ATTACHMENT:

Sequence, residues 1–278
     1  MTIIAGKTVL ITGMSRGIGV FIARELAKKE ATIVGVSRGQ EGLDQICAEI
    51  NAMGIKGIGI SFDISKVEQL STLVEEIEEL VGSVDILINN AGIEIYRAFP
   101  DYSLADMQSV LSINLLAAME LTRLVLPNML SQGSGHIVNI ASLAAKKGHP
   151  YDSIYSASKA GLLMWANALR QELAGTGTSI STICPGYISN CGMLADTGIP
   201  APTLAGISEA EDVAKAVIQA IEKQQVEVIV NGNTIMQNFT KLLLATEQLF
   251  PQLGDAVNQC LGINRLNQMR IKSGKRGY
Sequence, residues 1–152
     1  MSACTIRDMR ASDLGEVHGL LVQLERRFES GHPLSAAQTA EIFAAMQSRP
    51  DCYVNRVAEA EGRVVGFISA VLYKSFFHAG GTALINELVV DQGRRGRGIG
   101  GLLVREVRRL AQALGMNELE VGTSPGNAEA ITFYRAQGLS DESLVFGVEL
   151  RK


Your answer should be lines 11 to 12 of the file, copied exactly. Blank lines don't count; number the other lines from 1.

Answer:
   101  GLLVREVRRL AQALGMNELE VGTSPGNAEA ITFYRAQGLS DESLVFGVEL
   151  RK